Nova Scotia project tests battery-powered homes
Nova Scotia Power says a pilot project to test Tesla Powerwalls in 10 homes in the community of Elmsdale, along with a large, grid-sized battery – the Tesla Powerpack – at a nearby substation, has been successful.
The batteries are connected to an electrical line powered, in part, by nearby wind turbines. The question now is what comes next for the technology.
Dubbed the “Intelligent Feeder Project,” the pilot project was designed to help NS Power understand how batteries can make renewable energy more efficient, while providing back-up power to customers during outages – a big advance in these times of increasingly violent storms and worsening weather. The project was launched in 2017, in partnership with Tesla and Ontario energy company, Opus One Solutions.
The challenge with renewable energy, such as wind and solar, is matching generation with customer demand. The substation battery in Elmsdale, which is about the size of a shipping container, allows the utility to store power generated when the wind is blowing and then supply that power to the grid to match customer demand.
NS Power isn’t alone in tapping into the potential of these batteries.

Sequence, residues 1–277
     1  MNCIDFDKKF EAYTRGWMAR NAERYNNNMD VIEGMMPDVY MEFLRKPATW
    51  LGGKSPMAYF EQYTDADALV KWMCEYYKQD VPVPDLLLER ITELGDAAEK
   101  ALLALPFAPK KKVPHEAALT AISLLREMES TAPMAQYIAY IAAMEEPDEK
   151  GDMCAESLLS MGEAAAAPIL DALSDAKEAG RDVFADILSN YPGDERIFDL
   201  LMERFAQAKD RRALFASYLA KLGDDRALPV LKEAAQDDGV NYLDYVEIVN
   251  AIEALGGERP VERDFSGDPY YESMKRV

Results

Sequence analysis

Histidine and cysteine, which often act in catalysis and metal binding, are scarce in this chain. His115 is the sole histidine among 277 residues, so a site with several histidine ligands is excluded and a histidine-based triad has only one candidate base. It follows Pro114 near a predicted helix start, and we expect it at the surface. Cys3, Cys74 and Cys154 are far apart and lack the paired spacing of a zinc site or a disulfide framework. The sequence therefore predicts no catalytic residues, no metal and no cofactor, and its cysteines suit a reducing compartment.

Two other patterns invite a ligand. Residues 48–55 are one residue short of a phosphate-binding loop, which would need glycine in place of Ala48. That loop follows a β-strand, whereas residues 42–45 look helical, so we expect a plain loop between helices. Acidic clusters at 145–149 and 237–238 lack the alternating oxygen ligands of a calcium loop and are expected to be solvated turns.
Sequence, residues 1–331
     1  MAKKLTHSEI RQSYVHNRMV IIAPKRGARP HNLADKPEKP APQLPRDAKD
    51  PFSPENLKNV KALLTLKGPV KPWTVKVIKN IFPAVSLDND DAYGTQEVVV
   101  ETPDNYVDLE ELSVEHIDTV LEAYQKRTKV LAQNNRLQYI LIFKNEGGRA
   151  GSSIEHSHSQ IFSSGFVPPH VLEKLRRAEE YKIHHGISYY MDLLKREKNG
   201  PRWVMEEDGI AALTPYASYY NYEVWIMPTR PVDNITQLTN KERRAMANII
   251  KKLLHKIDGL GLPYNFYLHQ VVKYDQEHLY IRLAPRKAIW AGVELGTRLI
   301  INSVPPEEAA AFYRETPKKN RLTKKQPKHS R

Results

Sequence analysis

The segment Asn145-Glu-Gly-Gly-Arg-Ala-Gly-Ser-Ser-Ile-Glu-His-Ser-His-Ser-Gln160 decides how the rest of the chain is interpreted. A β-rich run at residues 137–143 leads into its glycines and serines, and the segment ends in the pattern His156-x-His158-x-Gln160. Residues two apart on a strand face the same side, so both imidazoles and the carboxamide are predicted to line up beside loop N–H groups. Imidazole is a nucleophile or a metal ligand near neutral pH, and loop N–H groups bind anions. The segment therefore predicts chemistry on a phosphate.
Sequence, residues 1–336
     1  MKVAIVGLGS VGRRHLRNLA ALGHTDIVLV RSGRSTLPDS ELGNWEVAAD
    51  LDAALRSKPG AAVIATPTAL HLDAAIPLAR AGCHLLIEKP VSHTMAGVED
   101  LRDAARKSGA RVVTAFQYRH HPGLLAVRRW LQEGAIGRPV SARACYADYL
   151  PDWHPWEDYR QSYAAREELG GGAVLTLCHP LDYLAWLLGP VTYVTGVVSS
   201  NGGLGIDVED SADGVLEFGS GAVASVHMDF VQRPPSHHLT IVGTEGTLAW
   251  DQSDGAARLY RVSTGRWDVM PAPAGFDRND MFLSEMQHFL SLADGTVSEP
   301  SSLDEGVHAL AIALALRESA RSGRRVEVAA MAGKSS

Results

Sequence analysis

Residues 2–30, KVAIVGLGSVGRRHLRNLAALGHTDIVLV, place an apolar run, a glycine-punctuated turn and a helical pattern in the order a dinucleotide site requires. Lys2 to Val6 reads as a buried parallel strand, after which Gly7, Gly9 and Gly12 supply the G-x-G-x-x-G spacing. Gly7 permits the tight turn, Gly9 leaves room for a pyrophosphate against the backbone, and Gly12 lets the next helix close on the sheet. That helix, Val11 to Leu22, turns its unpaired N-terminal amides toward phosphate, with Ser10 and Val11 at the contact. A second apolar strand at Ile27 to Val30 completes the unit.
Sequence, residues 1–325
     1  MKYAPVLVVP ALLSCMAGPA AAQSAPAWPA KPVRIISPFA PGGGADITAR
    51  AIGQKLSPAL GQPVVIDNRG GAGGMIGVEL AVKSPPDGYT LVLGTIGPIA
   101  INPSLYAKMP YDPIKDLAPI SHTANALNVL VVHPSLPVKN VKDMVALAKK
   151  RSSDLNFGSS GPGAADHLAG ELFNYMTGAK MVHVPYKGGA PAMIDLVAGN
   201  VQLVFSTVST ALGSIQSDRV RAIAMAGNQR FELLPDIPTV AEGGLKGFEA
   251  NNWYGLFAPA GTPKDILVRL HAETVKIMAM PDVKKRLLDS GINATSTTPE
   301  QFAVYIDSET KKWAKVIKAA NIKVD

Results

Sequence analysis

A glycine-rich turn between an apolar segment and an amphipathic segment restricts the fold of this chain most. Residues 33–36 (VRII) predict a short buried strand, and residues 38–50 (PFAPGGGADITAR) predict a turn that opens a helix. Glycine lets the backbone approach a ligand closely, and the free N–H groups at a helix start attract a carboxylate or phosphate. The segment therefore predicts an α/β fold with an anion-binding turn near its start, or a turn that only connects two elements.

Saint John Energy recently received a 1.25MW, utility-scale Tesla Megapack battery for one of its substations. The Megapack battery will give Saint John Energy advanced power storage in order to reduce peak energy costs and efficiently use more renewable energy sources. The utility is currently in a partnership to construct a wind farm that will generate about 15 per cent of the city’s electricity needs.
The Nova Scotia pilot project cost about $3.2 million and is one of the first battery installations of its kind in Canada.
While only 10 homes were chosen for the Powerwall test, the utility estimates the battery at the substation could power up to 300 homes. NS Power says the next step will be more analysis of the cost of lithium-ion batteries, which currently are beyond the pocketbooks of many homeowners.